Saturday, January 21, 2012

Cause or Kingdom?

I have been reading quite a bit about and from Clarence Jordan, the founder of Koinonia Farm in rural Georgia. He wrote the Cotton Patch version of the New Testament. He was trained as a Southern Baptist preacher, and when he would guest preach he would only have a few notes on a small piece of paper and the original Greek New Testament that he would translate as he preached. Jordon was a dynamic individual. He was on the forefront of the battle against segregation and developed a unique model for communal living. However, he didn't start Koinonia in the early 1940s to create a prophetic call against the evils of segregation. Nor did he begin with the idealistic notion of starting a monastic commune in rural Georgia. He didn't reject the nationalism of World War II and register as a Conscientious Objector, which, in patriotic Dixie was almost unheard of, because he wanted to make a statement against war. He did all of this because he felt that the Sermon on the Mount (Matthew 5, 6 and 7) were "marching orders" for God's people. The words of Jesus, specifically in the Sermon on the Mount, were the framework for God's Kingdom. As Jordan said, he wanted Koinonia to be "a demonstration plot for the Kingdom of God." He wasn't a civil rights leader, a monastic leader, or anti-war protest leader. Jordan simply believed that these concepts were clearly Jesus' instructions for us. As Joe Maendel, a friend of Jordan and a devout Hutterite, recalled:
I had been trained to think that Jesus' words were in the Bible from one end to the other, that the whole book from the first page to the last contained God's words on law and order. Clarence just put his arm around me and said, 'Joe, you don't know how to read the Bible.' And then he took me home and showed me.

He showed me where some of the Bible is just history, where some of it is just telling how so-and-so applied what Jesus said, and how some of it just sets the stage for what Jesus did or said. he told me there is only one place where Jesus starts giving orders and that was in Matthew five, six and seven. He showed me how Jesus didn't talk about community or how to be a Christian -- he talked about love, and mercy, and humbleness -- and Clarence said if you have these, you have community automatically. Clarence said you can argue about the rest of the Bible if you want to, but there is no argument about Matthew five, six, and seven.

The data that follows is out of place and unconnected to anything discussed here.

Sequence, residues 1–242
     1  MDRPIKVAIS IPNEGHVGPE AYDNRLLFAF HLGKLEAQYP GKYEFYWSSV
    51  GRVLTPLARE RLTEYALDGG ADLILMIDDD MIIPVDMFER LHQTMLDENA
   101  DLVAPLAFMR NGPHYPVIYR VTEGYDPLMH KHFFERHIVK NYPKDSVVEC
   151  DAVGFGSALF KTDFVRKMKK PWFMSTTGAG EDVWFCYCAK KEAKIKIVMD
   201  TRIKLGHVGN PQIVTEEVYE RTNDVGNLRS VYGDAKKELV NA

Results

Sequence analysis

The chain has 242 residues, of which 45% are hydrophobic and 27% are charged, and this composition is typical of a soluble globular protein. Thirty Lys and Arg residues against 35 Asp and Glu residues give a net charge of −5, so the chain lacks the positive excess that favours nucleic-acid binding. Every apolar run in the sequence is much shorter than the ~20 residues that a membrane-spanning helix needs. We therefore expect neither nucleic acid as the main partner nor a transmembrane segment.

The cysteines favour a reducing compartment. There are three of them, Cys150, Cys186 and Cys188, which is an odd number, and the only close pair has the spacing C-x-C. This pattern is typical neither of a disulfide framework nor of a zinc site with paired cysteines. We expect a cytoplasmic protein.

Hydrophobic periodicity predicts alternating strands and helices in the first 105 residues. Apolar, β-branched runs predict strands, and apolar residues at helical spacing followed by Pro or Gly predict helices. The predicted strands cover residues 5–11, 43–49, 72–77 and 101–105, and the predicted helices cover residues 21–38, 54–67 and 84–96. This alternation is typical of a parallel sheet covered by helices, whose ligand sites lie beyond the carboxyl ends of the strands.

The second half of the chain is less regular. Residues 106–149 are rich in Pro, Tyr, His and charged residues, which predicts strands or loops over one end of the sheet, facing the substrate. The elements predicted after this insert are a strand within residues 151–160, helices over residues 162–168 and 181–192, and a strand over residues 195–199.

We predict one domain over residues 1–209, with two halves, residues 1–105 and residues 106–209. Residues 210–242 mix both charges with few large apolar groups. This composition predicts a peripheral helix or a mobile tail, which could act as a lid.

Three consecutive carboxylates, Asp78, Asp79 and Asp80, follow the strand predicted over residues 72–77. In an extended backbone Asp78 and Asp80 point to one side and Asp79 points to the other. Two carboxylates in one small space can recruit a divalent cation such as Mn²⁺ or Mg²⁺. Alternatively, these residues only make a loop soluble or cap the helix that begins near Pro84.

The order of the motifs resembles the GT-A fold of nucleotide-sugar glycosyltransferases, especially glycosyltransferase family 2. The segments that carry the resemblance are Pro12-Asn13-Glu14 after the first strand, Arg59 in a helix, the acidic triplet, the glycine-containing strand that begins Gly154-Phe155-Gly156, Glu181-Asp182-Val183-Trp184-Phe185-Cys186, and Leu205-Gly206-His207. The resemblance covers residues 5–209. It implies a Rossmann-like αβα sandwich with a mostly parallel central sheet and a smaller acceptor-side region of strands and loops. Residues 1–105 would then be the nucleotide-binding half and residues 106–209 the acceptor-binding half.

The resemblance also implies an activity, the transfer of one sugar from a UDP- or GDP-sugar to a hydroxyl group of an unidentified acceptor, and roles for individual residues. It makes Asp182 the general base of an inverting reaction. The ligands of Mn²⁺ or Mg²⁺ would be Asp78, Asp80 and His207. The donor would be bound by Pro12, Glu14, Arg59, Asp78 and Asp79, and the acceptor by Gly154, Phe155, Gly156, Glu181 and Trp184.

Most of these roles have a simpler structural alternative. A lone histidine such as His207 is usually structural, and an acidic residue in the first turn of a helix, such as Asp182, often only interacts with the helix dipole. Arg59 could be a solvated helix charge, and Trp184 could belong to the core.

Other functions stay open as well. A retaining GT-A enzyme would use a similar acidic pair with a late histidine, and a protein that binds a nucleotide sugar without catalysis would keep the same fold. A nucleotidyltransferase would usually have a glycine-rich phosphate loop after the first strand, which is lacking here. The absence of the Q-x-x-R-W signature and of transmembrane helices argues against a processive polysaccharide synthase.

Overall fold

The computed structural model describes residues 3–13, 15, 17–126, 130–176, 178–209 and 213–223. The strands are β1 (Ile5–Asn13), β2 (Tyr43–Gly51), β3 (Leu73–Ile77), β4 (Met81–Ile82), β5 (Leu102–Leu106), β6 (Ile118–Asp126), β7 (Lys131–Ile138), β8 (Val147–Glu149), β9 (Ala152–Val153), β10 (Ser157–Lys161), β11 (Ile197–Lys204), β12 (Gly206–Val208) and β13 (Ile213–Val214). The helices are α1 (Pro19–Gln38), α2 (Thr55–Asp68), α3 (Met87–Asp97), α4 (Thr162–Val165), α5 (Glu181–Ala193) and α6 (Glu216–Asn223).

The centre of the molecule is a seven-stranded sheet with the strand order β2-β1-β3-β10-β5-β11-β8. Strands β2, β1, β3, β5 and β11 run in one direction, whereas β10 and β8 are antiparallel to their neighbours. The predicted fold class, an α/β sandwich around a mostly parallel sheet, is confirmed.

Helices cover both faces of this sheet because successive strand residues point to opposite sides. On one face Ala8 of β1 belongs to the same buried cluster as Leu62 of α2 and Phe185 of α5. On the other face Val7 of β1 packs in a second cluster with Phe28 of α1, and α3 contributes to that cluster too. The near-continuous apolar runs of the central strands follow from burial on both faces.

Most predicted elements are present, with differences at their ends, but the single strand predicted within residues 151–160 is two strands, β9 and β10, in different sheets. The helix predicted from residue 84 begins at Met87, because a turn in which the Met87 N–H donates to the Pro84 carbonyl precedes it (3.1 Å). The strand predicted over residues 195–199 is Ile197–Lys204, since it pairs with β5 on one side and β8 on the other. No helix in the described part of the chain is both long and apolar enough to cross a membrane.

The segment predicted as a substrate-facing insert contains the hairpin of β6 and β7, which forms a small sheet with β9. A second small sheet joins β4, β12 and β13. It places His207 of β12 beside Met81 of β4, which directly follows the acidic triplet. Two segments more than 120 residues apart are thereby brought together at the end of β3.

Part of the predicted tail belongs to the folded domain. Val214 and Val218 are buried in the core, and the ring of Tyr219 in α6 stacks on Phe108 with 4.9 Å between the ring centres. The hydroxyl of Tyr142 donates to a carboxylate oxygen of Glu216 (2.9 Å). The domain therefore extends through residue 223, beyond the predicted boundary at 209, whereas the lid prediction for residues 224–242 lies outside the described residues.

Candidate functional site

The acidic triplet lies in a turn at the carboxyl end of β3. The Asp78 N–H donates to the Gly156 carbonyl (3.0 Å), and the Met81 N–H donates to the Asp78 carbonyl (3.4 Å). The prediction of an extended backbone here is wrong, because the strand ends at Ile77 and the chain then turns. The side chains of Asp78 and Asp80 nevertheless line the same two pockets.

Clarence Jordan had only one cause, his singular desire was to enter deeper into God's Kingdom. We have visited several churches over the past few years, and we have attended several conferences. In many instances, opportunities are presented for people to get involved with different "causes." The opportunity to support those digging wells in impoverished nations, or the chance to work with those involved in distributing the Gospel to communist nations. While I whole-heatedly support the efforts of these organizations and individuals who are tangibly loving their neighbors, I also know first hand that when we become about a cause we can quickly get burnt out. One week our hearts are impacted by a video we watched and so we give a little to help build a well in India. The next week we hear about a friend who is helping an organization to end human trafficking. Drawn into the heart-wrenching stories, we try to get more involved. We wonder how we can become involved in so many different "causes," and with the typical American's busy life, the only solution is to give financially. That subdues our conscience -- for a while. The well has been dug, people in the village now have water . . . . what's next? Homelessness? Hunger? Orphans?

Once again, many founders, workers and donors to these causes are centered in the middle of God's Kingdom, but many times it feels like some Christian circles can become a trendy social justice À la carte. Our faith becomes schizophrenic, scattering our time, energy and finances over logo ladened t-shirts, bumper stickers and self-righteous pats on the back.

Jordan advocated for Jesus followers to give. He quoted Augustine in his letter to supporters in 1968:
"'He who possesses a surplus possesses the goods of others.' That's a polite way of saying that anybody who has too much is a thief. If you are a 'thief,' perhaps you should set a reasonable living standard for your family and restore the 'stolen goods' to humanity."
But the giving wasn't sparked by a cause, it was sparked by the Kingdom. Jordan didn't try to convince others to live communally, fight racism, or become pacifists, in other words, he wasn't looking for a cause to fight. Instead, he was trying to convince folks that we must enter into God's Kingdom. Furthermore, Jordan believed that the Sermon on the Mount was the summary of Jesus' teaching about the Kingdom. By putting the ideals laid out in the Sermon on the Mount into action in our daily lives, justice, which is God's "cause," will naturally (and supernaturally), become our "cause."